A short list, but I do love lists!
Simple concept this week, these are the five current directors who are relatively new that I am looking for big things from in the future. If they made a film, at the very least a feature, before 2000 then I’m not including them in this list. The other caveat is that they must have directed a film within the last five years. Here’s the list,
5) Karan Gour
I’ve only seen on film from Sri Gour, but based on the way he explored obsession in 2011’s Kshay I am very interested in what he is going to do next. In fact, Kshay is the only directing credit on Sri Gour’s resume, and that fills me with hope that as he grows as a director he will only get better and better. With Kshay Sri Gour has already developed an interesting visual and narrative style, one that I look forward to seeing him hone in any future pictures. There’s always the danger of Sri Gour being a one hit wonder, but I’d like to think that the talent he showed in Kshay will carry over into his future work.
Mr. MacLane has only directed two short films, 2008’s BURN-E and 2011’s Small Fry. In those two Pixar Animation Studios shorts he showed a natural progression as a storyteller that has me yearning for more pictures from him. While BURN-E was a cute, charming, and funny short, I was most impressed by Small Fry. That short manages to combine the elements of sly humor, nostalgia, and wit into a film that can stand toe to toe with any offering from the giant that is Pixar Animation. There don’t appear to be any future projects on the horizon for Mr. MacLane, but I for one hope he gets back in the directors chair sometime soon, this time maybe he’ll get a feature of his own.
3) Daniel Stamm
I have not seen A Necessary Death or Off Hollywood & Vine, respectively the first feature film and short film from Mr. Stamm. However, I did see The Last Exorcism, and that horror film has me excited to check out the rest of Mr. Stamm’s work and interested in what he’s doing next. The Last Exorcism wasn’t a perfect horror movie, but it took the found footage subgenre of horror and added in the interesting twist of testing a mans convictions. There are plenty of suspenseful moments in The Last Exorcism, but the true strength of the film is in the way that Mr. Stamm highlights faces and stays on characters long enough for them to matter. There are a lot of good young horror filmmakers in the world today, but Mr. Stamm is the director I find myself most interested in watching new films from.
2) So Yong Kim
I’ve only seen one film from Kim-ssi, 2008’s Treeless Mountain. That one film was enough to show me a director with a lot of promise who has plenty more emotionally honest stories to tell. Treeless Mountain was a film with a small scope that managed to hit on large emotions. Kim-ssi showed a high level of skill on that film when it came to working with child actors. However, what most impressed me, and the main reason she is on this list, was Kim-ssi’s visual eye. I know this sounds like an odd comparison, but the way that she framed her characters and in turn framed her story reminded me very much of Terrence Malick. Obviously Kim-ssi has a long way to go if she hopes to approach the level of mastery Mr. Malick shows in film after film. But in terms of visual framing I feel that are a lot of similarities between Treeless Mountain and films like Badlands or Days Of Heaven. Kim-ssi is most certainly a female director to keep an eye on in the years to come.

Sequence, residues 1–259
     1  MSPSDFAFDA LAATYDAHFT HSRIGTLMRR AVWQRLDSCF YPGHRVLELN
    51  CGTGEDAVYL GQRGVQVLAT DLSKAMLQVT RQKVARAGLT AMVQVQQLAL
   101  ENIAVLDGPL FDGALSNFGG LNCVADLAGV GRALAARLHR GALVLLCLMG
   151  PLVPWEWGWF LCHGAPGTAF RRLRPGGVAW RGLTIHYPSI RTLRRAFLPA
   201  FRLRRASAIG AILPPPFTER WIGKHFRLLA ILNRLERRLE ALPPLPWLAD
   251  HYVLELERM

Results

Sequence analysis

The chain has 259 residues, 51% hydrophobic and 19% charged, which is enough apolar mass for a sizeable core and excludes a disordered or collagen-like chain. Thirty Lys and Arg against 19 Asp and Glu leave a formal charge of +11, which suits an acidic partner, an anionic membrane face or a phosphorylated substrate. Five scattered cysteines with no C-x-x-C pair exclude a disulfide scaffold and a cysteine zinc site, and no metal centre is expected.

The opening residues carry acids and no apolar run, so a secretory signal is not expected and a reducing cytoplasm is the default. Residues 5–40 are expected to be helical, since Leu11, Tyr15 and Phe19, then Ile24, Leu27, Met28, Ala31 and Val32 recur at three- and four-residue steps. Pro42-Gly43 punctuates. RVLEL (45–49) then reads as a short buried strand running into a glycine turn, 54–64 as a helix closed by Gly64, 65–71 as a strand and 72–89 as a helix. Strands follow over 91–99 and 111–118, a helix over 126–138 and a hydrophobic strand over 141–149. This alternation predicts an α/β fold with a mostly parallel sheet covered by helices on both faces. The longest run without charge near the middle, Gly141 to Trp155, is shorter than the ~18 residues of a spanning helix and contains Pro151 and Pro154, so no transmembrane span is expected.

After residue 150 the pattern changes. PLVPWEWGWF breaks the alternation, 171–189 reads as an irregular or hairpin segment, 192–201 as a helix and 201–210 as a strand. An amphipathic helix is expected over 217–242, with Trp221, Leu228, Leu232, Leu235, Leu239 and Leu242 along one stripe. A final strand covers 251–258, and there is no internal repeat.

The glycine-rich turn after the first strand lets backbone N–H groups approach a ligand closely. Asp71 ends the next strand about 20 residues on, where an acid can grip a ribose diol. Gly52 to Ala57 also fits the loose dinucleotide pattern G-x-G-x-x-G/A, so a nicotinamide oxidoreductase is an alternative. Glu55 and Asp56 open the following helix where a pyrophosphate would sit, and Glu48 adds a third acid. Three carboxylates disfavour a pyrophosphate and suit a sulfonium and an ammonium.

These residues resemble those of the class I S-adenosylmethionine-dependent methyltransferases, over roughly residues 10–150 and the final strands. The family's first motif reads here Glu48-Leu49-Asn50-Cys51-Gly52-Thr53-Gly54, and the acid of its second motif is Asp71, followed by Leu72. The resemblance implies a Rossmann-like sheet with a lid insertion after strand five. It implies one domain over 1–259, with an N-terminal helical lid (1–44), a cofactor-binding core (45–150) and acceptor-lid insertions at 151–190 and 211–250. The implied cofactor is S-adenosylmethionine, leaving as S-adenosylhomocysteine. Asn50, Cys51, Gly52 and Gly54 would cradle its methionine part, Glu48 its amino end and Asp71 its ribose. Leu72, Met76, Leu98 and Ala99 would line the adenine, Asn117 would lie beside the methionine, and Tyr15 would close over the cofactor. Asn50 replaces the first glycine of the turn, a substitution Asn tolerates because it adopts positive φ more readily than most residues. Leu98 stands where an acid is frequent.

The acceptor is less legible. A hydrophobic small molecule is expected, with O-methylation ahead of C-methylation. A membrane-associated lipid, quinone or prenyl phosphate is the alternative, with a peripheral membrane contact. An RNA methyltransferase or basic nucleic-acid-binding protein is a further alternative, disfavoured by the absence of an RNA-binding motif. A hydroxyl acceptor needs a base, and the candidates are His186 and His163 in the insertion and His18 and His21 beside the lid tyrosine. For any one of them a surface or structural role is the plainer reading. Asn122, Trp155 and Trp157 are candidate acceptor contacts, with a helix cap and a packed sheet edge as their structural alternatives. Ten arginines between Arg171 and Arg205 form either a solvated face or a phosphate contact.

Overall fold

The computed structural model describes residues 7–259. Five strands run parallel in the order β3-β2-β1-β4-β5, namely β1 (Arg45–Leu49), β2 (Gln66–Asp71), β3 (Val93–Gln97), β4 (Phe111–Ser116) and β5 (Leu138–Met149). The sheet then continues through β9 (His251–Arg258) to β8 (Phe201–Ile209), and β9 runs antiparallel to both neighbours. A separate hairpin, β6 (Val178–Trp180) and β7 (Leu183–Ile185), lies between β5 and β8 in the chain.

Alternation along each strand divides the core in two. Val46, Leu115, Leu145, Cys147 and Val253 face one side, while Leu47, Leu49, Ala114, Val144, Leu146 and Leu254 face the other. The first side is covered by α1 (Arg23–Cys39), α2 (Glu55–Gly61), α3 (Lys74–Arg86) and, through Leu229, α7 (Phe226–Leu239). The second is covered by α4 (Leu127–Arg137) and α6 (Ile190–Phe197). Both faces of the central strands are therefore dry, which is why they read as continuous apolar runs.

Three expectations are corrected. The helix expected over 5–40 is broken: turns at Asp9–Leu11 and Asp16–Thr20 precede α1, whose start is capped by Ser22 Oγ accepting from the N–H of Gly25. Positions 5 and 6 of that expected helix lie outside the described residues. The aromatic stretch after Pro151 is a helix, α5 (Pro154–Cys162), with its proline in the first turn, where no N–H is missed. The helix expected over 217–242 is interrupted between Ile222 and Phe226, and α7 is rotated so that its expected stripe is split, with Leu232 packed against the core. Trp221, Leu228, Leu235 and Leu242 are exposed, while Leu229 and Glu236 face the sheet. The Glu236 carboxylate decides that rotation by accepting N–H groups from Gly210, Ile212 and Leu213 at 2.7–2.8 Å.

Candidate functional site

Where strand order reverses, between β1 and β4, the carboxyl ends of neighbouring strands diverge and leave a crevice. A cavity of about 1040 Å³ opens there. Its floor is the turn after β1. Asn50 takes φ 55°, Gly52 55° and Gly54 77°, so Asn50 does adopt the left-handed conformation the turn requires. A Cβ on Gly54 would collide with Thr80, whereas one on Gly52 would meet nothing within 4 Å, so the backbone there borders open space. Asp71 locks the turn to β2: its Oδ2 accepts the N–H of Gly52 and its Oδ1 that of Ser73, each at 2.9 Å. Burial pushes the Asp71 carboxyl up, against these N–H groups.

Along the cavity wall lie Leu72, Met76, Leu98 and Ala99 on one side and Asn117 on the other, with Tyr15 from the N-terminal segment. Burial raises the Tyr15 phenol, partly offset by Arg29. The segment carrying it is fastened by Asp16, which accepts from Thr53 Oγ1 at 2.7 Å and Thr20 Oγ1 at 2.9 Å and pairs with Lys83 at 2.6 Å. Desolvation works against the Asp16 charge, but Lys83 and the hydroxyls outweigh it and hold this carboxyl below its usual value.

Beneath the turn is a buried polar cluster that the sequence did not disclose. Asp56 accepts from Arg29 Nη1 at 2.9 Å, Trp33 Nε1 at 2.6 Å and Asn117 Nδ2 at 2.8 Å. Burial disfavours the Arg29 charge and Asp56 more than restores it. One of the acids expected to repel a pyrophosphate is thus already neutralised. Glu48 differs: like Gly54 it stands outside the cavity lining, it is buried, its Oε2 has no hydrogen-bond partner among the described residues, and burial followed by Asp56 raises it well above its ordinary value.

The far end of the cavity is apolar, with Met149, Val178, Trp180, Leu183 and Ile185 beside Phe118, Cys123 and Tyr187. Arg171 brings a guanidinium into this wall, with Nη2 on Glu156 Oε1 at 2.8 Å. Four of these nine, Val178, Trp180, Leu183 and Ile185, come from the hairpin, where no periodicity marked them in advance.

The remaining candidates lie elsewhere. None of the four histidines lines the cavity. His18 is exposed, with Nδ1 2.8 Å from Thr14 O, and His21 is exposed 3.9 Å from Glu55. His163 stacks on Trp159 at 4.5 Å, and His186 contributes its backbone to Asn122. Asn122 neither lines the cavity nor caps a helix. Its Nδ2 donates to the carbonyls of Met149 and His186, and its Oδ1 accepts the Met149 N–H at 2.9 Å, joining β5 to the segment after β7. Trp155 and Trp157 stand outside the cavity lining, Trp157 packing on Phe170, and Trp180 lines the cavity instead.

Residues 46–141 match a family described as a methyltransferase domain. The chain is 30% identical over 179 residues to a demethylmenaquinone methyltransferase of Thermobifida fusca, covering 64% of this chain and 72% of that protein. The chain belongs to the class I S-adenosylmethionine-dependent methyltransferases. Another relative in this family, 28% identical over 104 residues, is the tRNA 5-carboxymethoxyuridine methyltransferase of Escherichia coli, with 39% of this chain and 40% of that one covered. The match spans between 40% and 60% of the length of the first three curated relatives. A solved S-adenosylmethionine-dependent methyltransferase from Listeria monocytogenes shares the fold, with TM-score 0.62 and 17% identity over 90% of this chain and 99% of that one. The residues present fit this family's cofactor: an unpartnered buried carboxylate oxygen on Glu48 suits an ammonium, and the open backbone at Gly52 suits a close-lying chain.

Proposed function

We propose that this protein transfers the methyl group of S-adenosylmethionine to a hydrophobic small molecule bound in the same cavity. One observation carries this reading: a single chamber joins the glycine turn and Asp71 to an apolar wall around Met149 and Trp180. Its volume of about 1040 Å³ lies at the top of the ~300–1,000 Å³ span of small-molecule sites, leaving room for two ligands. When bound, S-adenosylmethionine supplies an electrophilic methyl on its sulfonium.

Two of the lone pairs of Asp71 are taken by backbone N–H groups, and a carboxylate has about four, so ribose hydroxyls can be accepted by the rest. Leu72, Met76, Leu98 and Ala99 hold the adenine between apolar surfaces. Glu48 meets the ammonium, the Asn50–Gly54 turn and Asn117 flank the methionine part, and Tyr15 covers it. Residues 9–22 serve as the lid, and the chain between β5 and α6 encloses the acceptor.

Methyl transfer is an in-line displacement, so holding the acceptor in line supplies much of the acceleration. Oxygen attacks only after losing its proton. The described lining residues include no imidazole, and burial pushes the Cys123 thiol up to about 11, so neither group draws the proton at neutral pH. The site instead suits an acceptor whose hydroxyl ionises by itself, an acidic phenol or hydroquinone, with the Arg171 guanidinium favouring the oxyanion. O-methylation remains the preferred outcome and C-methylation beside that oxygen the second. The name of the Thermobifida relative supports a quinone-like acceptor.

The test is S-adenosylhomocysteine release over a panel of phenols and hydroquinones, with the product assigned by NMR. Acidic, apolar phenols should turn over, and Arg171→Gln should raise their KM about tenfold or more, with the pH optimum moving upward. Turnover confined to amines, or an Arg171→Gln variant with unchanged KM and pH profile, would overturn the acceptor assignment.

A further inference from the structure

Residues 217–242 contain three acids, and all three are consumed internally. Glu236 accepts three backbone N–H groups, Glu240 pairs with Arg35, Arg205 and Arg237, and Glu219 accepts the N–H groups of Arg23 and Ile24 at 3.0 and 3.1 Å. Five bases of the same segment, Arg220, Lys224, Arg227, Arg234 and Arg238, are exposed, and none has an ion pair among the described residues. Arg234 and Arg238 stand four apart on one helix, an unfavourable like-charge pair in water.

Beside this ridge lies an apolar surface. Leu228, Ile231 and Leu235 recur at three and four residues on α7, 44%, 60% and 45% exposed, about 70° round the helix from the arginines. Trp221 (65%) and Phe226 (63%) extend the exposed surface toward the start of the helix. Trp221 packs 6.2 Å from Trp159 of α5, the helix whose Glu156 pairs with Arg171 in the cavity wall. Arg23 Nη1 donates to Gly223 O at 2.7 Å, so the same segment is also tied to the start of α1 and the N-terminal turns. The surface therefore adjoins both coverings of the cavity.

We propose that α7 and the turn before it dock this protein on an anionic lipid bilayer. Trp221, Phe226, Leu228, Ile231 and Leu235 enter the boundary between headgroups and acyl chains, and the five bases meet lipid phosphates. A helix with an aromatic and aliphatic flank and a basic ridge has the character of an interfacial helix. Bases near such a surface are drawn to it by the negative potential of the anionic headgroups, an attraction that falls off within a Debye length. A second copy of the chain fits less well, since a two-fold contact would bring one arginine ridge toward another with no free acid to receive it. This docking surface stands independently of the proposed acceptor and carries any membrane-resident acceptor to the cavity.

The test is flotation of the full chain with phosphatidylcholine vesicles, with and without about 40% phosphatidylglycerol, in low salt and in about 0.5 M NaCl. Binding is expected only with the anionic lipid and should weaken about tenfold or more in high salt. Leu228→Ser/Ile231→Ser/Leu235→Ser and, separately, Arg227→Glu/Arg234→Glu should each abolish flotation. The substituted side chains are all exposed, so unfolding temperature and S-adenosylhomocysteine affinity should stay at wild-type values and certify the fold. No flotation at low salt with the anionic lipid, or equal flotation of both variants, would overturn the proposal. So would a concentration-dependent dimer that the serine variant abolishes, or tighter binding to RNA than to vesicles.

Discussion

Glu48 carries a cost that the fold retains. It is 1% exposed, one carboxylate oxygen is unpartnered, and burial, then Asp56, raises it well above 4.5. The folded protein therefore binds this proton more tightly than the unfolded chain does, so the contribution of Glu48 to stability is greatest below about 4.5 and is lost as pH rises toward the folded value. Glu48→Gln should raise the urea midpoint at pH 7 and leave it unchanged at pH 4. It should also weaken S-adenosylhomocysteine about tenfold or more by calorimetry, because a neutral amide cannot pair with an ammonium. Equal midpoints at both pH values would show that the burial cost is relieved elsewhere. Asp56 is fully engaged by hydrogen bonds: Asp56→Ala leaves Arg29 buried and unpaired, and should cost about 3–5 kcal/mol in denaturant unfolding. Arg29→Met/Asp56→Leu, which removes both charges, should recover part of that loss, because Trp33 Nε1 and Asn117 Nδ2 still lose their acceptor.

1) Byron Howard
His name is probably not familiar to most film buffs, but it should be. Mr. Howard has directed two of the best animated movies in recent years, Tangled and Bolt, and a great animated short in Tangled Ever After. It is true that Mr. Howard works with partners on all of his films, but I can still sense his vision next to that of his partner. (Plus, in all honesty Nathan Greno could have gone on this list along with Mr. Howard but it was Mr. Howard’s work on Bolt without Mr. Greno that gives him the slight directorial edge). Tangled is a film that I find more to love about every time I watch it. Bolt I view as an unknown classic of the new Lasseter era of Disney Animation. Tangled Ever After was a lovely follow-up to Tangled that offered a bite size sampling of the clean and crisp visuals that have come to define Mr. Howard’s work. Of course, there is also Mr. Howard’s comedic chops, especially his ability to give life to memorable supporting characters through their comedic beats. Animation needs new voices as the old guard is slowly beginning to near the end of their careers. Of those new voices Mr. Howard shows the most promise and the most potential for many great years to come.
That’s the list, it’s a short one, and there are plenty of other young filmmakers who could have made the list. All that means is that there are a lot of quality, relatively new talent out there who will be providing us film buffs with lots of great films for many years to come.